18th Century

French queens and the fleur de lys — part 3

I left you a few days ago with Marie Leszczyńska and her many, many portraits featuring the fleur de lys.

Maria may not be remembered as a trendsetter in the same way that her husbands most famous mistress, Madame de Pompadour is, but she had an effect of her own.  Her infatuation with the fleur de lys robes was such that her daughter, Elisabeth of France, was also portrayed in them in two occasions.

Louis-Michel van Loo & Pietro Melchiorre Ferrari, Portrait of Louise Élisabeth of France (1727-1759), Duchess of Parma, circa 1752

Louise Élisabeth de France, Duchess of Parma, by Jean-Marc Nattier, (posthumous, 1761)

Marie Leszczyńska was close with all her children, and was lucky enough to have loving relationships with both of the wives of the Dauphine Louis.

Before her tragic early death, Louis first wife, the Infanta Maria Teresa Rafaela of Spain was painted in the fleur de lys robes:

Louis Tocque, Portrait of Maria Teresa of Spain as the Dauphine of France, 1745

After Maria Teresa’s death, Louis married Maria Josepha of Saxony.

One would think this would have resulted in a disastrous daughter in law-mother in law relationship, as Maria J’s father had dethroned Marie L’s father, causing Marie L a very stressful childhood.  In fact, the French court viewed the marriage (partly arranged by Madame de Pompadour) as a huge insult to Marie L.

Maria Josepha and Marie L both rose above the courts expectations of them (the story is really lovely – I’ll tell it shortly), and became close.

Perhaps because her mother-in-law liked them so much, Maria Josepha was painted in the fleur de lys robes on a number of occasions.  First, a formal portrait celebrating her marriage:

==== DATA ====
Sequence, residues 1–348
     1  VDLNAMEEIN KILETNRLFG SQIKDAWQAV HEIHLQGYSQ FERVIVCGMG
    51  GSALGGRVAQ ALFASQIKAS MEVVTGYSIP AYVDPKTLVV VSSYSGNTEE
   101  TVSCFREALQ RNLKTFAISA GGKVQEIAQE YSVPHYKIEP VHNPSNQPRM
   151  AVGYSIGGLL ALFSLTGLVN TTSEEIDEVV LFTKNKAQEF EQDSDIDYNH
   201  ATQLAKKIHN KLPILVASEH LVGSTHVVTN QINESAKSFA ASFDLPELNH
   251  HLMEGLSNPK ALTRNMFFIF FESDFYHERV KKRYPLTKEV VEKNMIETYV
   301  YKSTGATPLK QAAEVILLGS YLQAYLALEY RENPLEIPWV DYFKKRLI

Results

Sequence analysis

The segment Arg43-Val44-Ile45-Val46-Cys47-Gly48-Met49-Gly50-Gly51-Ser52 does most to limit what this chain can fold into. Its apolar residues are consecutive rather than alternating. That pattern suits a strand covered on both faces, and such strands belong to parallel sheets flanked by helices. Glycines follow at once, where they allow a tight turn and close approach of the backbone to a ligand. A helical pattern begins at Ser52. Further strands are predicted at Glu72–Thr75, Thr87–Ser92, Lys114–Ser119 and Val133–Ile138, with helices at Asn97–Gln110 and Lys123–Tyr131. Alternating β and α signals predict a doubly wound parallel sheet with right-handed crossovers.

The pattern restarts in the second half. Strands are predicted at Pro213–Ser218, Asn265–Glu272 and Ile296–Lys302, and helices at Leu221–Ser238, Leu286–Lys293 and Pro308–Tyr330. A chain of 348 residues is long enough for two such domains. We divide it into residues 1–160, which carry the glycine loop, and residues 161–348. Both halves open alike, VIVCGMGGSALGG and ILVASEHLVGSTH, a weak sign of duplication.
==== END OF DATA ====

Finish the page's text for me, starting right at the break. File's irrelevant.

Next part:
Unknown French artist, portrait presumed to be of Maria Josepha of Saxony

Then, in a better executed formal portrait:

Jean-Marc Nattier, Marie-Josèphe de Saxe, Dauphine de France, 1751

Don’t you love the fruit on the dress?

Nattier’s portrait was so popular that another version was done of it:

Unknown artist after Jean-Marc Nattier, Maria Josepha of Saxony

Fleur-de-lys attire also featured in an allegorical portrait celebrating the birth of  her beloved daughter, Marie Zephyrine.

Charles-Joseph Natoire, Allegory of the birth of Princess Marie Zephyrine of France, daughter of Louis Ferdinand of France and Princess Maria Josepha of Saxony. 1750

Eerily, the portrait seems to foreshadow Marie Zephyrine’s tragic death 5 years later.

Finally, at the end of her life, the ermine robes featured in a formal portrait in a crazy fur-trimmed dress:

Jean-Martial Fredou, Portrait of Maria Josepha of Saxony (1731—1767), Dauphine of France, before 1767

Maria Josepha did not live to see her son married to Marie Antoinette, who was only painted in the fleur de lys robes on one occasion.

Jean-Baptiste Gautier Dagoty, Portrait of Marie Antoinette, 1775

You may note that Marie Antoinette’s portrait makes an allusion to the French monarchy in two ways: one, through the royal robes, and two, through the lilies on the table, and the lilies which are tucked into each gather of the poofs on her skirt.

Despite the grand claims of Dagoty’s painting, it is the last painting to feature a French queen in the fleur de lys robes.


  1. Cor, some of these princesses are pretty unpretty! Poor things. Those enormous elaborate robes really only suit the most beauteous of women, and make others look subsumed. Very interesting information, I will never look at blue fleur de lys fabric the same way again 🙂

    • You might be surprised to find out which were considered unpretty in their own time, and which were considered raving beauties. It rarely seems to correspond to their portraits.

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